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Geography as revision rivers floods and management
GEOGRAPHY AS REVISION
Physical: Rivers, Floods and Management
• Precipitation; All forms of moisture that reach the Earth’s surface.
• Evapotranspiration; The loss of water from a drainage basin into the atmosphere.
• Surface Storage; The total volume of water held on the Earth’s Surface.
• Groundwater Storage; The storage of water underground in permeable rock strata.
• Infiltration; The downward movement of water into the soil surface.
• Percolation; The gravity flow of water within soil.
• Overland Flow; The movement of water over the surface of the ground. Often because the ground is saturated or
frozen, or where precipitation is too intense for infiltration to occur.
• Throughflow; The movement of water downslope within the soil layer.
• Groundwater Flow; The deeper movement of water through underlying rock strata.
• Hydrograph; A graph showing, for a given point on a river, the discharge, depth and velocity with respect to time.
It’s a graphical representation of river discharge during a storm or flood event.
• Base Flow; Water that reaches the channel largely through slow Throughflow and from permeable rock below the
• Storm Flow; Water that reaches the channel largely through runoff. The may be a combination of overland flow
and rapid Throughflow.
• Hydraulic Radius; The ratio of the cross sectional area of the channel and the length of its wetted perimeter. =
Cross sectional area/wetted perimeter.
• Wetted perimeter; That portion of the perimeter of a stream channel cross section that is in contact with the water.
• Cross Sectional Area; The total length of the bed and the bank sides in contact with the water in the channel.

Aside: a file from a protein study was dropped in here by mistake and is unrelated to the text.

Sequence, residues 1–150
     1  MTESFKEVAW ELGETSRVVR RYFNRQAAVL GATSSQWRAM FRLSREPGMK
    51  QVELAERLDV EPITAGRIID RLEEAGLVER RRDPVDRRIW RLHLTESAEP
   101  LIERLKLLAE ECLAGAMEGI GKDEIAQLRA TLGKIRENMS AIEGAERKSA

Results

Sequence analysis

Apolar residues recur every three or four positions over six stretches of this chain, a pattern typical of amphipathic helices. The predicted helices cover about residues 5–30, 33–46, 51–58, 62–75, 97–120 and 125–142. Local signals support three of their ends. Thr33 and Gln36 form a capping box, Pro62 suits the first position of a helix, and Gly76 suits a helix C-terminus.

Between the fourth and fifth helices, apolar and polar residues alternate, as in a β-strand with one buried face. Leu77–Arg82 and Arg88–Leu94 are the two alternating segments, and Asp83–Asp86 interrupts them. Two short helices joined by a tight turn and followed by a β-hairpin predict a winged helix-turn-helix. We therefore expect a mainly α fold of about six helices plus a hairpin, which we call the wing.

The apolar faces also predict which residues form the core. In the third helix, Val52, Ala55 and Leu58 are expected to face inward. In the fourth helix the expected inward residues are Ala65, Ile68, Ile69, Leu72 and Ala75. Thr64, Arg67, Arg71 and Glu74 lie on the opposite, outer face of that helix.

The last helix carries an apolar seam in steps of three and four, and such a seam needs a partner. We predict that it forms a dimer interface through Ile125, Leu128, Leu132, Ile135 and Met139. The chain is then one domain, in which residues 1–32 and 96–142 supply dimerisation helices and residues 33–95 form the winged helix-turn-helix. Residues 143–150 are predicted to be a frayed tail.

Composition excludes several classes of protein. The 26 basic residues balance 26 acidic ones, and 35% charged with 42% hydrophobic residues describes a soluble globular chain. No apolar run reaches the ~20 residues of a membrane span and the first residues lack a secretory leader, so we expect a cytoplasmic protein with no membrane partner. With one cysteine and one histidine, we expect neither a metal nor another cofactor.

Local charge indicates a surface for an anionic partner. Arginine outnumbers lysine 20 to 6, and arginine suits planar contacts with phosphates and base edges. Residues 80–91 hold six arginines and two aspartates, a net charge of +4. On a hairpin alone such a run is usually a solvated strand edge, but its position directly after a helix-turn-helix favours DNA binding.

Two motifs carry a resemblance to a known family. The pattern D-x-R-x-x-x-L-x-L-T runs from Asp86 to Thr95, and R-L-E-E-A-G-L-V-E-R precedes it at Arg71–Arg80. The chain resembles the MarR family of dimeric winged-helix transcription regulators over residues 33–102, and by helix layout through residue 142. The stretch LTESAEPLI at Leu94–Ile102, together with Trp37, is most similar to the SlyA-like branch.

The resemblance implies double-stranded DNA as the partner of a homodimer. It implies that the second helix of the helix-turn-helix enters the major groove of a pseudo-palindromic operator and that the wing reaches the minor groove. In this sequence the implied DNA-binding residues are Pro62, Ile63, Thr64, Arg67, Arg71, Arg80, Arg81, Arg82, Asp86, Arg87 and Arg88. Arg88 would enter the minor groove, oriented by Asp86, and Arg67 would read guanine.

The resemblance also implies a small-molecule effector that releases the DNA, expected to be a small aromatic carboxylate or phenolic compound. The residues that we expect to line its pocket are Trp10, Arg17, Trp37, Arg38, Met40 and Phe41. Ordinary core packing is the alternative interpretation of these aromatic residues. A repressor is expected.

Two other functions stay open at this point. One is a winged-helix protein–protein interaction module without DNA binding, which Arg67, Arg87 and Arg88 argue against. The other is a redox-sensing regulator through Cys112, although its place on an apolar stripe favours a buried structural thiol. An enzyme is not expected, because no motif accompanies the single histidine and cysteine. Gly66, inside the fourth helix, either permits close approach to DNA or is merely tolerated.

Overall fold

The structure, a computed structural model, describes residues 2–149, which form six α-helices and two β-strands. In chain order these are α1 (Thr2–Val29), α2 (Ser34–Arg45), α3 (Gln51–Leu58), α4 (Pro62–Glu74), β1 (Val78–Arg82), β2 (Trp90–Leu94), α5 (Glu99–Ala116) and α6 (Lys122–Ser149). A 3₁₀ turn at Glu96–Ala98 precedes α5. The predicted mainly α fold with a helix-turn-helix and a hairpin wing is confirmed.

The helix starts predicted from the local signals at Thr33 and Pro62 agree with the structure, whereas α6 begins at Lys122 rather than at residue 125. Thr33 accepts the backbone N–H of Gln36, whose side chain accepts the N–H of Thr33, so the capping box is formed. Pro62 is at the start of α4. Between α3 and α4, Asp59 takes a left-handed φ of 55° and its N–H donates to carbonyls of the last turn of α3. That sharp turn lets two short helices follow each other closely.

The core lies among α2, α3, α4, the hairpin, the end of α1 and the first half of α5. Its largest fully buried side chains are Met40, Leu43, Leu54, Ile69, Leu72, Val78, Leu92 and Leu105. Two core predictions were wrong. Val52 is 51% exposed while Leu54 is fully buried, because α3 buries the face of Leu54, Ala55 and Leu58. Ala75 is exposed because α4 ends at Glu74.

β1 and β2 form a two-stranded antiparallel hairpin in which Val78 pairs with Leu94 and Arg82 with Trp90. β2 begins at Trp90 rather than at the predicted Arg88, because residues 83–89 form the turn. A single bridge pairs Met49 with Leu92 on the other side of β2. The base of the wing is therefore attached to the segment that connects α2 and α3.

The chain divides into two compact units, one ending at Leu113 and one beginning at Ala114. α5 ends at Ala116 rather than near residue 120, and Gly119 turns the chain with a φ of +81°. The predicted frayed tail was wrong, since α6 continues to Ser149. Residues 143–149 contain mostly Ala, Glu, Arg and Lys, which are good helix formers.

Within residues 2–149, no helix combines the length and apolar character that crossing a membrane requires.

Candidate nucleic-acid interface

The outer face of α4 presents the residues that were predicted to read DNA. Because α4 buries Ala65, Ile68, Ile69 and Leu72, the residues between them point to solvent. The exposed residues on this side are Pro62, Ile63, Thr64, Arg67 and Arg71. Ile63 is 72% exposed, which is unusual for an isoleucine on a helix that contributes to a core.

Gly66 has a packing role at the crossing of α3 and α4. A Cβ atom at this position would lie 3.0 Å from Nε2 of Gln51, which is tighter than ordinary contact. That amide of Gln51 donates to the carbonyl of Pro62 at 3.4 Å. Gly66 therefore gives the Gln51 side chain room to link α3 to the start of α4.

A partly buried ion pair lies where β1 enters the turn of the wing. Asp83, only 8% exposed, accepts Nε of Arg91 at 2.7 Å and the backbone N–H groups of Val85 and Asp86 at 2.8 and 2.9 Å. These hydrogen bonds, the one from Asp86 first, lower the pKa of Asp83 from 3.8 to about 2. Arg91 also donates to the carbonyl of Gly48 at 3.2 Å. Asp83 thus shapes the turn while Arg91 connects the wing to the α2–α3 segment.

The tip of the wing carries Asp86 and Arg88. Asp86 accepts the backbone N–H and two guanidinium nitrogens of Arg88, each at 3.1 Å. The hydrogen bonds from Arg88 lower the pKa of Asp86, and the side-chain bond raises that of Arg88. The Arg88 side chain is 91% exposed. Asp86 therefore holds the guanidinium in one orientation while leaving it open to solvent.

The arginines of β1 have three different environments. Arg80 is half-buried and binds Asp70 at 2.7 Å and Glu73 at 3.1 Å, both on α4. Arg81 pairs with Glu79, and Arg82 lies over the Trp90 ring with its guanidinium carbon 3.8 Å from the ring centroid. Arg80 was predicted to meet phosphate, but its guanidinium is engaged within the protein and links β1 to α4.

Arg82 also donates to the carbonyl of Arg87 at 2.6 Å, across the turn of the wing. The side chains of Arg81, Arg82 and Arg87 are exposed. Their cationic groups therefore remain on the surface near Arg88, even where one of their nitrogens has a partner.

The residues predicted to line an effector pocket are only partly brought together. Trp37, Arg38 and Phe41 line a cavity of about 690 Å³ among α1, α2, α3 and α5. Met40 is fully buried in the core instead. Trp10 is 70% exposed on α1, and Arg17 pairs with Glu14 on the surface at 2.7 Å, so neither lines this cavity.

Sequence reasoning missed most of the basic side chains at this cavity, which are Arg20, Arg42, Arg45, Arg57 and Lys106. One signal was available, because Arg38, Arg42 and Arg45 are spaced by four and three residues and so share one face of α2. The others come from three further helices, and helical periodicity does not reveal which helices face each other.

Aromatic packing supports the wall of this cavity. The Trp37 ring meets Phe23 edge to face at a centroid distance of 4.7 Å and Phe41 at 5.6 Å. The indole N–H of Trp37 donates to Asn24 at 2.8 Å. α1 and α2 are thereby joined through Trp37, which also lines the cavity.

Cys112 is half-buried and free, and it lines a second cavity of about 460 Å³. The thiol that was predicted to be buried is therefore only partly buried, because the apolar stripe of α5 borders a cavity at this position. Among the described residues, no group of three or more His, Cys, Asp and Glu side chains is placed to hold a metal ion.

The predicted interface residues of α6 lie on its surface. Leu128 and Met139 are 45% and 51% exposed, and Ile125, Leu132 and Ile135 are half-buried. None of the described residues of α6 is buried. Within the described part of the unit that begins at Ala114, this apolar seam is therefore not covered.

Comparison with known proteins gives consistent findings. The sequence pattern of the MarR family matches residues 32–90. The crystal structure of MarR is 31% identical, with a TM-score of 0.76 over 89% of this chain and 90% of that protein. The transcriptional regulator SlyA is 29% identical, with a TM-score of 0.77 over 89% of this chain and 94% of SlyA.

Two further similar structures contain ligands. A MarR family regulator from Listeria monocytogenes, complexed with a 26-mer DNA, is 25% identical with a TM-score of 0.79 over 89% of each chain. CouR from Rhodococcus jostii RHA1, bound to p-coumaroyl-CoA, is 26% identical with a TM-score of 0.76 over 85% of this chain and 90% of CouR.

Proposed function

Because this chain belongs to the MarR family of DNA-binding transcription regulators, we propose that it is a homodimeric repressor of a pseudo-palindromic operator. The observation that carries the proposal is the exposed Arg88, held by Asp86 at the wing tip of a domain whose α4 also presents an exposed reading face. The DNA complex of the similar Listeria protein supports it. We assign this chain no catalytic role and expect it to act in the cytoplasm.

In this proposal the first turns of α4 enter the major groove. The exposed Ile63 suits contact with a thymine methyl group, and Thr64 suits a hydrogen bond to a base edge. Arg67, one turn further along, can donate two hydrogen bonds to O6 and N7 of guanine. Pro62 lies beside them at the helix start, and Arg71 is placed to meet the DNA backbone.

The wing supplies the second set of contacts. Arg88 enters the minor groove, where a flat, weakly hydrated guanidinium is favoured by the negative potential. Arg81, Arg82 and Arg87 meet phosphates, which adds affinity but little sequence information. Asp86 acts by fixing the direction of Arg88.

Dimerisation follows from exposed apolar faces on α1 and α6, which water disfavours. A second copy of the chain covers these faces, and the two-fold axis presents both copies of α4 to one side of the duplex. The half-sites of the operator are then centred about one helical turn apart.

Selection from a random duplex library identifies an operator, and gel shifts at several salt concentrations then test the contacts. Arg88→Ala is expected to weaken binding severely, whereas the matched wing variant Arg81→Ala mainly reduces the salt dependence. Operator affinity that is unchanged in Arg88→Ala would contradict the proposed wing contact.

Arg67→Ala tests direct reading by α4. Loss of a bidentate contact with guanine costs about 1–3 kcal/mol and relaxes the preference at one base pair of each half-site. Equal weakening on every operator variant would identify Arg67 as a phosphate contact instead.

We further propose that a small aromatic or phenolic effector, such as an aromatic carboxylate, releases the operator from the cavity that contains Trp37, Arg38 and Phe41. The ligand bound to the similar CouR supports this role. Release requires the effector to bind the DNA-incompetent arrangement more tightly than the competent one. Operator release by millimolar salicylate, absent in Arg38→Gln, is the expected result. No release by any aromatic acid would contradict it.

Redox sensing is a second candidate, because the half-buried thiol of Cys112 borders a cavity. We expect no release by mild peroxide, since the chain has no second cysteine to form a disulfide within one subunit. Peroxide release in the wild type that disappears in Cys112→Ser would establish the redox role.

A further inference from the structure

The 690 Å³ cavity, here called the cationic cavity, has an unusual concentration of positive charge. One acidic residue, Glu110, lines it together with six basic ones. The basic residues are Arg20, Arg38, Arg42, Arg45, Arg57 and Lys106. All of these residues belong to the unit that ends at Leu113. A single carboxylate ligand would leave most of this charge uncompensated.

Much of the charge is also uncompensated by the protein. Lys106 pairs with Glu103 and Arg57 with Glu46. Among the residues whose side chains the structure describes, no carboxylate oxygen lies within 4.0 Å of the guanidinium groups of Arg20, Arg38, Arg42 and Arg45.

• Attrition; The reduction and rounding of particles of sediment carried in water by repeated
collision with each other and the shore.
• Abrasion/corrasion; The wearing away of the shoreline by sediment carried by the waves.
• Corrosion; Includes the dissolving of carbonate rocks in sea water and the evaporation of salt
crystals which expand on formation and help the rock to disintegrate.
• Sinuosity; The curving nature of a meander. =Actual Channel Length/Straight Line Distance.
• Isostatic; Changes in sea level resulting from the rise and fall of land masses.
• Eustatic; Changes in sea level induced by variations in the amount of water in the oceans.
• Drainage Density; The number of tributaries in a drainage basin.
• Negative Feedback; Increase in one thing, causes a decrease in another.
Positive Feedback; Increase in one thing, causes an increase in another.
• River Capacity; Total amount of load that a river can carry at a given time. Increases as
discharge increases. Increases down stream.
• River Competence; The maximum mass of material a river can transport. Will be higher in times
of flood. Increases downstream.
THE DRAINAGE BASIN HYDROLOGICAL CYCLE: THE WATER
• Drainage basin is an area of land bounded by its watersheds
and the ocean. Any precipitation falling beyond its watershed
will drain into a neighbouring basin.
• Inputs Transfers/flows Stores Outputs
• The balance between water inputs and outputs of a drainage
basin may be shown as a water budget graph.
• P= Q + E ± Changes in storage. [P= Precipitation; Q=Run Off;
INPUTS, FLOWS, STORES AND OUTPUTS
Inputs Flows Stores Outputs
Precipitation Surface Runoff Evaporation River
Percolation Surface Storage
Through fall Stem Flow Soil Moisture
WATER BUDGET GRAPH
Water in excess,
is lower than rainfall.
Due to water being
used in the summer
‘recharges’ the soil
during this period.
This is where
the soil of water
THE STORM HYDROGRAPH
• Factors that affect river discharge.
• Relief (Gradient of the surrounding land)
• Basin shape and size
• History of previous flooding
FACTORS THAT AFFECT FLOODING
• Amount and type of vegetation
• Temperature can affect the rate or transpiration and evaporation
• Gradient of slopes; steeper means more surface run off, as less time to infiltrate the
soil (The relief)
• Rock type and structure
• Presence and type of soil
• Break in slopes, where water can build up
• Rainfall (Affected by passing of low pressure systems)
• Levels of urbanisation